Antoniu Pop - A Data-flow Approach to Solving the Von Neumann Bottlenecks in the Manycore Era

Organisé par : 
Arnaud Legrand
Intervenant : 
Antoniu Pop
Mots clés : 

As single-threaded performance has flattened, the prevailing trend in current hardware architectures is to provide an ever increasing number of processing units. Exploiting newer architectures poses tremendous challenges to application programmers and to compiler developers alike. Uncovering raw parallelism is insufficient in and of itself : improving performance requires changing the code structure to harness complex parallel hardware and memory hierarchies ; translating more processing units into effective performance gains involves a never-ending combination of target-specific optimizations, subtle concurrency concepts and non-deterministic algorithms. As optimizing compilers and runtime libraries no longer shield programmers from the complexity of processor architectures, the gap to be filled by programmers increases with every processor generation.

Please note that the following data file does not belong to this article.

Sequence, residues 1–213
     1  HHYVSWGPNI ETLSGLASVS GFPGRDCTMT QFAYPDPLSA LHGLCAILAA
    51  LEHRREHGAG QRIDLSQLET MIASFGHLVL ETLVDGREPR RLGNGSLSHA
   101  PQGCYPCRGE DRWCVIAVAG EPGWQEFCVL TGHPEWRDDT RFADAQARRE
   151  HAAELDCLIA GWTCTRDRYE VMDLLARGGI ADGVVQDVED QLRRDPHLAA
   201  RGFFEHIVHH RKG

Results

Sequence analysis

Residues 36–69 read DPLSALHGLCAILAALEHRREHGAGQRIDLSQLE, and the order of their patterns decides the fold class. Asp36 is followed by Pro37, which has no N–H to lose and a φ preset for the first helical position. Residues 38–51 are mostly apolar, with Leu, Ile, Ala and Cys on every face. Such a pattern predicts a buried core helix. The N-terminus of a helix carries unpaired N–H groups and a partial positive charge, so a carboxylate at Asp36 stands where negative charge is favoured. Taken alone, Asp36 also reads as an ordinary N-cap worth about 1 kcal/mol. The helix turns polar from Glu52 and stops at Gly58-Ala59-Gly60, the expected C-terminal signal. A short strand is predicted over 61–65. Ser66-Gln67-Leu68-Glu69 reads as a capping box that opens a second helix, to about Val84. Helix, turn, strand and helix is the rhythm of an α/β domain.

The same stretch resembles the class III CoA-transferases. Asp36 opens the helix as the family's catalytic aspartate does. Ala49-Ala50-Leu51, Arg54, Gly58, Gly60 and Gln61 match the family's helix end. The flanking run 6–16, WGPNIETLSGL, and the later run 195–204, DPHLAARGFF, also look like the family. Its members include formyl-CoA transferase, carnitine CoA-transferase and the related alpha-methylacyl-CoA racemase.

Driven by these challenges, we designed and implemented OpenStream, a high-level data-flow programming model, with the pragmatic perspective of achieving a fair middle-ground : programmers provide abstract information about their applications and leave the compiler and runtime system with the responsibility of lowering these abstractions to well-orchestrated threads and memory management. The expressiveness of such languages and the fine balance between the roles of programmers and compilers, as well as the static analysis and code generation techniques required to generate efficient code while abiding by the ``write once, compile anywhere ’’ rule, pose problems of great relevance from both theoretical and practical standpoints. The way forward still requires overcoming one of the greatest shortcomings of current compilers, their inability to understand concurrency, by developing new compiler intermediate representations for parallel programs. This is essential to both enable new compiler optimizations and avoid the current obfuscation of program semantics resulting from the lack of integration of parallel constructs in current intermediate representations. Finally, we developed a theoretical framework, the Control-Driven Data Flow model of computation, to reason about computation and execution in this context, to enable verification techniques and provide determinism guarantees.